So for the next few months, I will probably be outrageously busy conducting my research, working on CreatEd, and getting the first cartoon published. My research should take 2-3 days a week. CreatEd kicks off with some serious organizational meetings on the 19th, and the program begins in schools on June 1st, so I’ll be with CreatEd 2-3 days a week at that point. Then we have the cartoon project (I saw Vinny’s cartoons today, and this thing is going to be so great!). Soon, the artists will be editing in Adobe Photoshop, and I’ll be traveling around Gulu and Kampala begging for grants or partnerships and seeking out the right publisher.

To summarize: Think I’m on vacation, now?

Friday, April 23, 2010

Throw Down Your Heart

I like to have a schedule. I like to know that I’m going to start with A, take a break and work on B, then finish with C, knowing that by the end of all my work I will have accomplished something worthwhile. I don’t necessarily like being committed to time slots; I still like to go with the flow of things. But I want to have the structure.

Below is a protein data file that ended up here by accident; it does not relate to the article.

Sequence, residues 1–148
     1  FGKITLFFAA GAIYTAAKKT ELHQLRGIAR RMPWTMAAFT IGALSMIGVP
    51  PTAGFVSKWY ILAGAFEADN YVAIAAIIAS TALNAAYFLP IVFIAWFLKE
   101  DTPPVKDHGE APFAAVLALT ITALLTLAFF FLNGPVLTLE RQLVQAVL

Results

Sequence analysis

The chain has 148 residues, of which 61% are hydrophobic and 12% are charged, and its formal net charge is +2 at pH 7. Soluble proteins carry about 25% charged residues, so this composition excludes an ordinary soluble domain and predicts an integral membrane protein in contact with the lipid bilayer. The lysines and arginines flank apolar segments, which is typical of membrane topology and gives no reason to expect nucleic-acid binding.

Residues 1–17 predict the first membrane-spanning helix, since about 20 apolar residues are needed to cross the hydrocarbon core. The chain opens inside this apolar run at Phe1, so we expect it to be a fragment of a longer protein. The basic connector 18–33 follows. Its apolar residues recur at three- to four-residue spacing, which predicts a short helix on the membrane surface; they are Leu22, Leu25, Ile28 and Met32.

But here, I never know what I’m going to do when I wake up in the morning. Sure I might have an interview scheduled, but as soon as that interview’s over I have to have something else to do. I have to constantly be striving for the next interview, the next chance to observe, the next chance to travel to a village.

And it’s exhausting.

I try to relax and remind myself over and over again that I will find something to do – something incredible and educational will happen. But it’s so hard sometimes.

For example, I’ve been trying to meet with the Paramount Chief for weeks now. I’ve met several people around his office and interviewed many of them and made some really worthwhile connections. One of these being with the Ker Kal Kwaro Acholi Cultural Group, which is a group of young people that get together each week to practice Acholi dances. I interviewed their leaders, and I was invited to join them for practice on Sunday.